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Cops: De-escalating or overreacting?

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An Evanston police official told aldermen Tuesday night about new training efforts to teach officers how to minimize confrontations, while a local resident described what she said was an incident of overreaction.

Deputy Chief Aretha Barnes, who heads the field operations division, said officers are encouraged to speak in a calm voice and introduce themselves to try to defuse confrontational situations.

"We encourage them to use verbal tools," Barnes said, rather than "the tools on their belt."

She conceded that some officers' skill sets "are better than others" and that the training effort is "a work in progress."

She said the Chicago Police Department has recently launched a 16-hour in-service training program on de-escalation techniques for its officers and that she will soon be attending that program.

But what works for one department may not work for others, Barnes added, saying that Evanston has a unique local context.

Julie Koehler.

Julie Koehler, of 2759 Prairie Ave., complained during the Human Services Committee meeting Tuesday about an incident last July. She said she was taking her three children to an event at Gilson Park in Wilmette when she stopped at the Starbucks on Central Street near her home.

She says she left the kids strapped into their car seats while she went into the store to get a cup of coffee, only to have a police officer accuse her of child neglect when she came back out.

Koehler, a public defender, said it was an entirely ridiculous situation. "I'm not afraid of a badge or a uniform," Koehler said, "so when he says I've abandoned my children, I said I didn't abandon them and am not doing anything wrong."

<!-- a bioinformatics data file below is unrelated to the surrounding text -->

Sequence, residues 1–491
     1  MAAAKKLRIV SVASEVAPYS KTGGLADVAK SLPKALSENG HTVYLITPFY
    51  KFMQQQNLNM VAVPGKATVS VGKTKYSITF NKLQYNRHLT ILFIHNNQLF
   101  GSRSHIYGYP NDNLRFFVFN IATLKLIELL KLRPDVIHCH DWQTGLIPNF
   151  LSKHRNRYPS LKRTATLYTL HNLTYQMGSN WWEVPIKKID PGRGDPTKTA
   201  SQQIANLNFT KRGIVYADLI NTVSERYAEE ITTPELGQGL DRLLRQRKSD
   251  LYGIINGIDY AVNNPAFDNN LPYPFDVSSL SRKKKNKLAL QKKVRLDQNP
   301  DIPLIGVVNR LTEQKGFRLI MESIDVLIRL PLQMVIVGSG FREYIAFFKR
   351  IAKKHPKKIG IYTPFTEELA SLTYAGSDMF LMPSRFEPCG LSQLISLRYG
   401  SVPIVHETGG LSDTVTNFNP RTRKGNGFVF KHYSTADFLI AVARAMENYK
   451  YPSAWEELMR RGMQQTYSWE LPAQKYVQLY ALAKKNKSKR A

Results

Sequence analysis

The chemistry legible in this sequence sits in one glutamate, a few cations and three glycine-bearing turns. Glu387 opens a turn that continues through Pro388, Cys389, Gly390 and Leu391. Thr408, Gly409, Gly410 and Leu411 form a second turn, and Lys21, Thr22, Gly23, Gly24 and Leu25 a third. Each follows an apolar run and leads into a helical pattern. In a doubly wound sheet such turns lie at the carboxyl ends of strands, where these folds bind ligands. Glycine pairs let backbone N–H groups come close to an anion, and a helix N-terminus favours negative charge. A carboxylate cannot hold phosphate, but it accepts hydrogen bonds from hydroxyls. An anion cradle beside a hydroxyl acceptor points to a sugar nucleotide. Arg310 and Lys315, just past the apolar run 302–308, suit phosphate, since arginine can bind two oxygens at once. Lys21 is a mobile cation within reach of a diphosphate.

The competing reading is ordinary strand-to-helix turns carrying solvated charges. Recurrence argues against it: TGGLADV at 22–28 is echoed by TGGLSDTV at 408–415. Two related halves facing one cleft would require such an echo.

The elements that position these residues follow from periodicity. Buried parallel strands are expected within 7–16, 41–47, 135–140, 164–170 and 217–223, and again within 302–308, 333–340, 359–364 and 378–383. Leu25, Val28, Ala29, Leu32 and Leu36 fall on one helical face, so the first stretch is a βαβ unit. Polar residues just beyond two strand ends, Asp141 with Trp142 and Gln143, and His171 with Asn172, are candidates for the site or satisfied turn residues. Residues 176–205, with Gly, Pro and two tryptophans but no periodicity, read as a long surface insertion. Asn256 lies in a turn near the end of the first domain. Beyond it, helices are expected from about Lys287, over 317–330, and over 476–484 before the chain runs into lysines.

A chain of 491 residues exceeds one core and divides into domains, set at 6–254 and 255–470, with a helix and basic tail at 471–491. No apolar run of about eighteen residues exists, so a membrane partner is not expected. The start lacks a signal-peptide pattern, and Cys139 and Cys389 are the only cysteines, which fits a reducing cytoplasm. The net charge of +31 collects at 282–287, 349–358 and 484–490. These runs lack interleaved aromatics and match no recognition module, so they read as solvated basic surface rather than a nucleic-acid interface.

Koehler, who's account was more fully described in August in a blog post on the Libertarian website Reason.com, says the officer eventually backed off, but filed a complaint against her with the state Department of Children and Family Services, which it took her several weeks to resolve.

She says she filed a false report complaint with DCFS, but didn't file a complaint with Evanston police.

Dealing with the mentally ill

Beyond the question of how police interact with citizens generally, and in the wake of distressingly common incidents nationally in which police encounters with mentally ill individuals have ended in death or injuries, Evanston Police Cmdr. Joseph Dugan told Evanston Now on Monday that 10 to 20 percent of the city's officers have gone through a week-long in-service training program on handling such incidents.

"With cutbacks in state programs for the mentally ill," knowing how to respond to people with diminished capacity "is becoming more and more important for us," Dugan said.

Dugan says the department has worked with local agencies including Connections for the Homeless and Housing Options to come up with appropriate responses.

In some ways, Dugan said, the fact that Evanston has several residential care facilities means officers here are "ahead of the curve" in dealing with such issues. They're more likely to be familiar with handling such situations, he added.

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